Section 183 of the 1986 Act, which precludes a creditor who levies execution or attaches a debt after commencement of a winding up, from retaining the benefit of his execution or attachment, does not apply to executions or attachments in foreign . .
CitedRe Vocalion (Foreign) Ltd 1932
The section only applies only to proceedings pending in the UK, and not to proceedings in a foreign Court. The Court has an equitable jurisdiction in personam to restrain a respondent properly served in this country from proceeding with an action . .
CitedSociete Nationale Industrielle Aerospatiale v Lee Kui Jak, Yong Joon Kim and, Lee Kui Jak (F) PC 14-May-1987
Brunei Darussalam – The Board was asked where a civil claim should be tried.
Held: The court stated some principles governing the grant of anti-suit injunctions restraining foreign proceedings. The inconvenience of a forum is of itself not a . .
CitedPolly Peck International Plc v The Marangos Hotel Company Ltd and Others CA 7-May-1998
Leave had been given for the insolvent plaintiff company to bring proceedings. The defendant now challenged that leave.
Held: A claim that a massively insolvent company had wrongfully occupied Turkish Cypriot property would not allow a claim . .
CitedBarclays Bank v Homan CA 1993
If the conduct of a creditor can be castigated as oppressive or vexatious the Court can and should grant relief in order to protect the performance by administrators of their functions and duties. . .

Lists of cited by and citing cases may be incomplete.

Jurisdiction, Insolvency

Leading Case

Updated: 09 November 2021; Ref: scu.347220

USDAW And Wilson v WW Realisation 1 Ltd, in liquidation: ECJ 30 Apr 2015

ECJ (Judgment) Reference for a preliminary ruling – Social policy – Collective redundancies – Directive 98/59/EC – Article 1(1)(a) – Meaning of ‘establishment’ – Method of calculating the number of workers made redundant

T von Danwitz, P
C-80/14, [2015] EUECJ C-80/14, ECLI:EU:C:2015:291
Bailii
Directive 98/59/EC 1(1)(a)
European

Employment, Insolvency

Updated: 09 November 2021; Ref: scu.546229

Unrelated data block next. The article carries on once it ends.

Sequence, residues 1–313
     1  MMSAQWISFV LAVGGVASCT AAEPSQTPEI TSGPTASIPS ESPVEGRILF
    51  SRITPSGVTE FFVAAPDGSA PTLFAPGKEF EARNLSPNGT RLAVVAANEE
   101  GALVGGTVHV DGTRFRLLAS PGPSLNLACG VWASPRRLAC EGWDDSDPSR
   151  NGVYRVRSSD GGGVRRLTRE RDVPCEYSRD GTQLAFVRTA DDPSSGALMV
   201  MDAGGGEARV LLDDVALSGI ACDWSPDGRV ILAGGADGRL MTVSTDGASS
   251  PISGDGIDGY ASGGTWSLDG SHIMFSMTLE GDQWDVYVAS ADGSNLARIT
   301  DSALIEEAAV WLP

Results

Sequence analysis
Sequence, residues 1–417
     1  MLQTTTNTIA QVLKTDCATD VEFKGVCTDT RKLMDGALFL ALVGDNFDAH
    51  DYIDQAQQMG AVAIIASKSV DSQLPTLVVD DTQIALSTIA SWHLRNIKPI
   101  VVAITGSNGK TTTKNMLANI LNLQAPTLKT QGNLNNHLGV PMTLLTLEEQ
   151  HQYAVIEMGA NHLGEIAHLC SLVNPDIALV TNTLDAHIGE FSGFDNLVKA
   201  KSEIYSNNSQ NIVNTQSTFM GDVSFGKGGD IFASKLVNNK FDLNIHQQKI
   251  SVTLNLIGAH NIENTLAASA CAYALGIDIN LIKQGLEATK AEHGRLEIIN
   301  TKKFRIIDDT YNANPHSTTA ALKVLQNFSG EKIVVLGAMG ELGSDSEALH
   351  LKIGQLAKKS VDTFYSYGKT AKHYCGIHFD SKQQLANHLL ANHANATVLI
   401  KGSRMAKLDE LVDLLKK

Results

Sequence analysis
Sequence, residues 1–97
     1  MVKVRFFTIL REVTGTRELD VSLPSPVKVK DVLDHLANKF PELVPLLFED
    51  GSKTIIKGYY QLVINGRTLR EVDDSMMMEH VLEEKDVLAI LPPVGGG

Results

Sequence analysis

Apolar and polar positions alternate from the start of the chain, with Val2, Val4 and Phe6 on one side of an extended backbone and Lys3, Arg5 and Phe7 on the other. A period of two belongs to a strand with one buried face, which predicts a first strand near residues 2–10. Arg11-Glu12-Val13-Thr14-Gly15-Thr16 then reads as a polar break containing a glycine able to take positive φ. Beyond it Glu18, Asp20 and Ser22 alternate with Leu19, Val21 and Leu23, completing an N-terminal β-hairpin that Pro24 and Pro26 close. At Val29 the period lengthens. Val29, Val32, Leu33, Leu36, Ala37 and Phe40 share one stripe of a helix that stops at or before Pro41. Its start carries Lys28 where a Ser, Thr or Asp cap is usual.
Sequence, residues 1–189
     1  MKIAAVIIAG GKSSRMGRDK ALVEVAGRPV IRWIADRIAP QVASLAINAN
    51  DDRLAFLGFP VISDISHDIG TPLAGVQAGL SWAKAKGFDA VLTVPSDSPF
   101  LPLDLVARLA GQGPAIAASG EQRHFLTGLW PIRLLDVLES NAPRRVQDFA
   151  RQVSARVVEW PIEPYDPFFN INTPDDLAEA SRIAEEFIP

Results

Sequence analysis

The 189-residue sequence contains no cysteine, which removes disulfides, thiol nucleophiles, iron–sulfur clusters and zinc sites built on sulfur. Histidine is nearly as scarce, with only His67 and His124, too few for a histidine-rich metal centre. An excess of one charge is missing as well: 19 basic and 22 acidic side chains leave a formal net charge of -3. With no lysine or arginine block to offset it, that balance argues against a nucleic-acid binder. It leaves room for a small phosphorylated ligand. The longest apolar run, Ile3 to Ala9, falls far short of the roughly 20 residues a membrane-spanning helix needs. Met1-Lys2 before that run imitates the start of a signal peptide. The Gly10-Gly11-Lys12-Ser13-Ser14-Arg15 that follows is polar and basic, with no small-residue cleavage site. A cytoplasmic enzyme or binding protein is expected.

Trillium (Nelson) Properties Ltd v Office Metro Ltd: ChD 9 May 2012

Winding-up petition in which the principal issue is whether or not Office Metro Limited can be wound up in this jurisdiction in the light of the fact that, despite its being an English registered company, its centre of main interest is in Luxembourg. The question which was to be determined was whether or not it had an ‘establishment’ in this country for the purposes of the Insolvency Regulation.
Mann J explained what amounted to economic activity within the meaning of the Regulation: ‘ However, I do not think that it amounts to economic activity within the meaning of the Regulation. By the time of the petition it seems that the only ‘activity’ (and I deliberately put it in inverted commas) was to sit there being liable on guarantees, sometimes paying out on them, and perhaps doing whatever else was necessary to keep itself alive in terms of compliance with formalities such as company filings. Mr Wetheral (or perhaps his staff) occasionally sought legal or accounting advice, but there is no evidence it was doing anything else. Being in a state of liability, with the need sometimes to pay out on that liability and take a bit of advice, is not an economic activity for the purposes of the Regulation. Neither is seeking accounting or legal assistance on other matters. Forwarding post (which is said to have happened at Chertsey) is not an economic activity carried on there. It is something which goes on so that someone can carry it on somewhere else. Utilising the guidance given in the Virgos-Schmit report, it is not conducting activities on the market.